Monday, May 15, 2017

Dean's Store in Woodstock, Ga

In days gone-by Dean's Store was a men's hang out, sort of like a country store where men would set around a pot-belly stove and tell jokes, gossip, talk politics, and tell lies.  I bet Mr. Dean was hoping they would buy something, which they all probably did, or it would not have stayed in business so long.
Now, it is a Woodstock historical museum.  
A couple of years ago I met a friend there to listen to the local historian give a talk.  Not many people came to the talk that day: the mayor of Woodstock, my friend, me, and a handful of other people.
My friend was born out of the country but yet he has a big interest in local history.
The handful of other people included a big man, his wife, and his child.  The big man was not shy.  In fact, his type thirty years or ago was the type you would expect part of a lynch mob.   He honed in that my friend was not "one of us" and asked him where was he born and his religion.  He told the big man.  Then the big man looked over at me and said, "What about you?"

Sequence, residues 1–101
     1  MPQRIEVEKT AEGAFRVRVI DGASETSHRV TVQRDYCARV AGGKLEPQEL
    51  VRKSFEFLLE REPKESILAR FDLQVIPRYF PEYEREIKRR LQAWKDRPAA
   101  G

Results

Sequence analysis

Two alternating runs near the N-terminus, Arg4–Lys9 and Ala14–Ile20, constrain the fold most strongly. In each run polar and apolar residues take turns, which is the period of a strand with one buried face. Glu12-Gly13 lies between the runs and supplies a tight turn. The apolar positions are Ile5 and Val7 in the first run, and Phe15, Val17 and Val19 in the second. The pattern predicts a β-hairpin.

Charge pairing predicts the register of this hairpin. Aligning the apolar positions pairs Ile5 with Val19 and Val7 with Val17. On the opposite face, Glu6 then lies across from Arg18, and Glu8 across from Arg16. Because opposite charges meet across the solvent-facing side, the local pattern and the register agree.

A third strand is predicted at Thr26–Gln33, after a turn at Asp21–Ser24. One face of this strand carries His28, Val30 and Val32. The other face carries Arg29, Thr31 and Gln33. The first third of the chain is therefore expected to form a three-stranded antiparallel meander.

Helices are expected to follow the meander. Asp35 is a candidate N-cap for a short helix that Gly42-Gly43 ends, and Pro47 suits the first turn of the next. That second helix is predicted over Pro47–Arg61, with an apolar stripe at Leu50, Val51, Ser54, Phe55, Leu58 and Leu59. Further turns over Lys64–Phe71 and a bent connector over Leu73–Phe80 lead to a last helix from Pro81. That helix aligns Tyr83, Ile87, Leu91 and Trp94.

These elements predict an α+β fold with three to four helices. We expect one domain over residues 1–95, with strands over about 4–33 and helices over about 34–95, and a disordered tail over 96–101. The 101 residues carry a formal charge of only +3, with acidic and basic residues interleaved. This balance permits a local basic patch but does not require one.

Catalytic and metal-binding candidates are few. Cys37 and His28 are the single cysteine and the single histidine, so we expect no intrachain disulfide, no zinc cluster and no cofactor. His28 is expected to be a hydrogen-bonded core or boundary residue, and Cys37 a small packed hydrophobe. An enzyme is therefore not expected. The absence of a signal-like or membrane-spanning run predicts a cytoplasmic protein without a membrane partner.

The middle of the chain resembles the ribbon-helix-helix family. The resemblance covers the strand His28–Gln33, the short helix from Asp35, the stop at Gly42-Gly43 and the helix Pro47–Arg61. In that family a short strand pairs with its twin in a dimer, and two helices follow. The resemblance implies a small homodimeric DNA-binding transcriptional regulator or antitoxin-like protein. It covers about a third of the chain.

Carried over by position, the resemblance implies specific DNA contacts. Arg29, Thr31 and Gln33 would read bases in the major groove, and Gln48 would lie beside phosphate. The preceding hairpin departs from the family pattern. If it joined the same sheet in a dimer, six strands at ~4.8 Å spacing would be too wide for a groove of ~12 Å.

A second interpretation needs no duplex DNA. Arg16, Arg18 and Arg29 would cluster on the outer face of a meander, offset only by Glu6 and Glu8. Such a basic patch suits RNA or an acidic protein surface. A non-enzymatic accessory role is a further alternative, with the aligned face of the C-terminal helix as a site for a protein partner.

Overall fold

I said, "I was born about ten miles from here in Marietta and as far as religion  I am an old fashion Southern Agnostic."
He wasn't expecting that.
It diffused a tense moment.

Everybody laughed.
Just like the old times in Dean's Store.


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